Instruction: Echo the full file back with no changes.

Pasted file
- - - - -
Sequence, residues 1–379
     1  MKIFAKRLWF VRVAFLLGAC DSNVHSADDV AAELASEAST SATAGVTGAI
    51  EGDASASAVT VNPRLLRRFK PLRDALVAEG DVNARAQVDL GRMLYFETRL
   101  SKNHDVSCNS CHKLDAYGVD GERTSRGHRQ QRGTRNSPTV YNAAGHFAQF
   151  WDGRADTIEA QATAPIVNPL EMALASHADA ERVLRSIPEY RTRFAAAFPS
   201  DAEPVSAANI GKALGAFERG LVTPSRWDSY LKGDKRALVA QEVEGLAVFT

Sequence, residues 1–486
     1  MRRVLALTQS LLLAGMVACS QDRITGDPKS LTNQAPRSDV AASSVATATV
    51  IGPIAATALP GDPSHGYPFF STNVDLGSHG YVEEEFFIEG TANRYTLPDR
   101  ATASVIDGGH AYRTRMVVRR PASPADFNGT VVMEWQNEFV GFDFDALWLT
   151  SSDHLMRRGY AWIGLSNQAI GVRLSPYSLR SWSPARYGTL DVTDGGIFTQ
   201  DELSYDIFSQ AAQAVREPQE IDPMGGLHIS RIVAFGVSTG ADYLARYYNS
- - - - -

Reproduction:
Sequence, residues 1–379
     1  MKIFAKRLWF VRVAFLLGAC DSNVHSADDV AAELASEAST SATAGVTGAI
    51  EGDASASAVT VNPRLLRRFK PLRDALVAEG DVNARAQVDL GRMLYFETRL
   101  SKNHDVSCNS CHKLDAYGVD GERTSRGHRQ QRGTRNSPTV YNAAGHFAQF
   151  WDGRADTIEA QATAPIVNPL EMALASHADA ERVLRSIPEY RTRFAAAFPS
   201  DAEPVSAANI GKALGAFERG LVTPSRWDSY LKGDKRALVA QEVEGLAVFT

Sequence, residues 1–486
     1  MRRVLALTQS LLLAGMVACS QDRITGDPKS LTNQAPRSDV AASSVATATV
    51  IGPIAATALP GDPSHGYPFF STNVDLGSHG YVEEEFFIEG TANRYTLPDR
   101  ATASVIDGGH AYRTRMVVRR PASPADFNGT VVMEWQNEFV GFDFDALWLT
   151  SSDHLMRRGY AWIGLSNQAI GVRLSPYSLR SWSPARYGTL DVTDGGIFTQ
   201  DELSYDIFSQ AAQAVREPQE IDPMGGLHIS RIVAFGVSTG ADYLARYYNS